People with acute myeloid leukaemia (AML) or myelodysplastic syndrome (MDS) are usually treated with high doses of chemotherapy, followed by a stem cell transplant. But AML and MDS can come back after a transplant, and when it does it becomes much more difficult to treat.
Two new drugs called azacitidine and lenalidomide may help people with AML and MDS who have relapsed after a stem cell transplant.
Azacitidine is a type of chemotherapy drug that doctors already use to treat people with AML and MDS. Its exact mechanism of action is unknown, and it has more than one effect on cells. In AML and MDS, important genes that regulate cell growth and division are turned off by methyl groups becoming attached to the cells’ DNA, allowing cells to grow out of control. Azacitidine can act as a demethylating agent, removing the methyl groups and restoring normal gene function.
Lenalidomide is a complicated drug with several mechanisms of action affecting lots of cell processes, including modifying the way the immune system works.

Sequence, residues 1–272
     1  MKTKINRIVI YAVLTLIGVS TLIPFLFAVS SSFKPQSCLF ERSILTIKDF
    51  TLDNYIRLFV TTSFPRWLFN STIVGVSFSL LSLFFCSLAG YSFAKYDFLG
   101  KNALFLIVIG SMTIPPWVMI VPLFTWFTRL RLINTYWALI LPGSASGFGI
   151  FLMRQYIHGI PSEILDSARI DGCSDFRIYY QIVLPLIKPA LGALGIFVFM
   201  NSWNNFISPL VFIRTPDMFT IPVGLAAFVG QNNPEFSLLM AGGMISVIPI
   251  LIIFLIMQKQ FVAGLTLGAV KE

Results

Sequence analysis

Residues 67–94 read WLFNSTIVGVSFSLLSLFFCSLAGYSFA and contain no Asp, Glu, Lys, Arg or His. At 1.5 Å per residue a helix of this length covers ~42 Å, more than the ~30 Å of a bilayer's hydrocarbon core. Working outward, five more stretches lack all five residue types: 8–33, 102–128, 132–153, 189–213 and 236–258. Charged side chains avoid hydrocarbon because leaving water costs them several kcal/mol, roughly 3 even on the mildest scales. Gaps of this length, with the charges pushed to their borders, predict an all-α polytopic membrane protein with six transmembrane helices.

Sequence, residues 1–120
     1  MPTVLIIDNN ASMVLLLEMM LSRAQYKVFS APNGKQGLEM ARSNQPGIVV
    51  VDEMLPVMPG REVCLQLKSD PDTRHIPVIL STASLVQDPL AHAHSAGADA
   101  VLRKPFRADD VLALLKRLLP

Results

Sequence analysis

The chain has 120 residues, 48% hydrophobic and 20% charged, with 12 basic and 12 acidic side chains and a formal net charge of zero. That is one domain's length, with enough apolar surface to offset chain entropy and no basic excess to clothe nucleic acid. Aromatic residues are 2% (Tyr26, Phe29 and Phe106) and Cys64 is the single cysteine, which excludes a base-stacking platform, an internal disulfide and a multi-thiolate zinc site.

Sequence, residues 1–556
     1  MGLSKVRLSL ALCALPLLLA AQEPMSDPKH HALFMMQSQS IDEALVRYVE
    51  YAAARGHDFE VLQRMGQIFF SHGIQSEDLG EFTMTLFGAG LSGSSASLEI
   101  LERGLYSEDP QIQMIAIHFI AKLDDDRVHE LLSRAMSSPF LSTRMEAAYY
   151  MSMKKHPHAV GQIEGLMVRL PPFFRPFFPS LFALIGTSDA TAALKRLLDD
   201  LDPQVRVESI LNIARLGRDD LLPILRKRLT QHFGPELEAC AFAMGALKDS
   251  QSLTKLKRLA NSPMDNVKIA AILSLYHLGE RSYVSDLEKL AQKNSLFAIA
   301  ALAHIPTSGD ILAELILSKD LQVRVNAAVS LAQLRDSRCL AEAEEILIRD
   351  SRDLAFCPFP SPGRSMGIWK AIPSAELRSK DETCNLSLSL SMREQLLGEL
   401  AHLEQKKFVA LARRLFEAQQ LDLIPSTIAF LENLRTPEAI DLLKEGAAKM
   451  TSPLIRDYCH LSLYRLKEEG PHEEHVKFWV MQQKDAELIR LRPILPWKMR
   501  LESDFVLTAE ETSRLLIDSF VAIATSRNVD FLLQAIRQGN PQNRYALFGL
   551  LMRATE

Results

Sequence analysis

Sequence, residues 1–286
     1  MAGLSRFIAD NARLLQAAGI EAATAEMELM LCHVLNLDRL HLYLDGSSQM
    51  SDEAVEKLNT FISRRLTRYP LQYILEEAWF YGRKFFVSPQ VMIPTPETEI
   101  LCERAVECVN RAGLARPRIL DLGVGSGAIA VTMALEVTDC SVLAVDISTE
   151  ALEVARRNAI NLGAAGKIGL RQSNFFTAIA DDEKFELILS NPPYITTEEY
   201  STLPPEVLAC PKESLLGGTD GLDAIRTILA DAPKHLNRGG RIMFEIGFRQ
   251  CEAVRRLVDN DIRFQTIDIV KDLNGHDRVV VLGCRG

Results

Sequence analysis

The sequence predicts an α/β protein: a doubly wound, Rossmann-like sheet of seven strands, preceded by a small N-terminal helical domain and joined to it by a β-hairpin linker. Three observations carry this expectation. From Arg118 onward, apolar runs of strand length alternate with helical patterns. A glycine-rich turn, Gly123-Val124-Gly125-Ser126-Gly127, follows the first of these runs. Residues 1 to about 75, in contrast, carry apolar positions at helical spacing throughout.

A number of small studies have demonstrated that both azacitidine and lenalidomide when administered alone can be effective in treating people with AML who relapse after a stem cell transplant. But combined treatment with azacitidine and lenalidomide has never been tested in this group of people.
The aims of the trial are to:
- Find the highest dose of lenalidomide that people can safely have with azacitidine
- Learn more about the side effects of this drug combination
- See if the treatment helps people with AML or MDS that has come back after a stem cell transplant
This trial is closed for recruitment, and we hope to update you with the results soon.